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Searching for Self-Esteem?

How Do You Judge Your Worth?

    Rabbi YY Jacobson

    1736 views
  • March 1, 2010
  • |
  • 15 Adar 5770
  • Comment

Class Summary:

Searching for Self-Esteem? - How Do You Judge Your Worth?

Counting the Jews

The opening verses of this week’s Torah portion, Ki Sisa, convey G-d’s instruction to Moses on how to count the Jewish people. When it is necessary to conduct a census, Jews are to be counted not in an ordinary manner, person by person, but rather, every member of the community should contribute a coin for charity, and then the coins should be counted to determine how many people contributed.
What is the rationale behind this instruction? Why the need to count the community in such a round-about fashion, rather than simply counting the people directly?
Two messages, it seems, are being conveyed here.
What Are You Worth?
First, the Torah is suggesting that you are counted not based on who you are but on what you give. Your genuine value and worth spring forth from your contribution to another soul, from the love and kindness you impart to another heart.
Sir Moses Montefiore, a 19th century Jewish international diplomat and philanthropist, was once asked how much he was worth. The wealthy man thought for a while and named a figure. The other replied, “That can’t be right. By my calculation you must be worth many times that amount.”
Moses Montefiore’s reply was this: “You didn’t ask me how much I own. You asked me how much I’m worth. So I calculated the amount I have given to charity this year and that is the figure I gave you. You see,” he said, “we are worth what we are willing to share with others.”
Evaluating a people
Yet, there seems to be a one more vital message presented in this instruction, one that would reverberate throughout history.
To appreciate the value and greatness of a people, the Torah is suggesting, you must study not the number of its bodies, but the breadth of their contributions. What matters most is not the quantity of its adherents, but rather their commitment towards making a difference and their inspiration and readiness to make sacrifices for their values and ideals. Numbers can be deceiving. Large groups of people often barely leave a trace. On the other hand, there are times that small groups, when committed heart and soul to their mission statement, have left an enormous impact, totally disproportionate to their numbers.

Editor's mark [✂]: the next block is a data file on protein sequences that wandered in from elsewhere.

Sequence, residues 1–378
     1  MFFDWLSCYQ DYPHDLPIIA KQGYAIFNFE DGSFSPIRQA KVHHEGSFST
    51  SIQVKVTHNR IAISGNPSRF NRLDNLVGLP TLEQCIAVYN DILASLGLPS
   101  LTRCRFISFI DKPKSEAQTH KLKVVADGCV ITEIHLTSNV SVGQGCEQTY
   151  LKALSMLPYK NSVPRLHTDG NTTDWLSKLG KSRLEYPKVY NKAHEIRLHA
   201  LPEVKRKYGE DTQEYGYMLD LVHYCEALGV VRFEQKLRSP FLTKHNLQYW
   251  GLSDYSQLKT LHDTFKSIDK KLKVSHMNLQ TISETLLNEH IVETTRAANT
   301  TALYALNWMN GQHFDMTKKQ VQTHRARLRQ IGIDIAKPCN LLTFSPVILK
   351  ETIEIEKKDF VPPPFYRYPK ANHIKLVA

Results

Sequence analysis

To appreciate the significance of Jewish existence, the Bible is telling us, you must study not its numbers: Jews never constituted more than one percent of society. Rather, you must examine the impact this little monotheistic group has had on the world. Other nations, cultures and civilizations enjoyed far greater numbers, larger territories and mightier armies. But no other person or nation has left an impression on the very fabric of civilization as the relatively few and often hunted and persecuted descendants of Abraham, Isaac and Jacob.
As the Irish writer Thomas Cahill wrote in his national bestseller The Gifts of the Jews: How a Tribe of Desert Nomads Changed the Way Everyone Thinks and Feels:
“Most of our best words in fact – new, adventure, surprise; unique individual, person, vocation; time, history, future; freedom, progress, spirit; faith, hope and justice—are the gifts of the Jews ... We can hardly get up in the morning or cross the street without being Jewish. We dream Jewish dreams and hope Jewish hopes.”  
Here is a passage by historian Paul Johnson in his bestseller “History of the Jews:”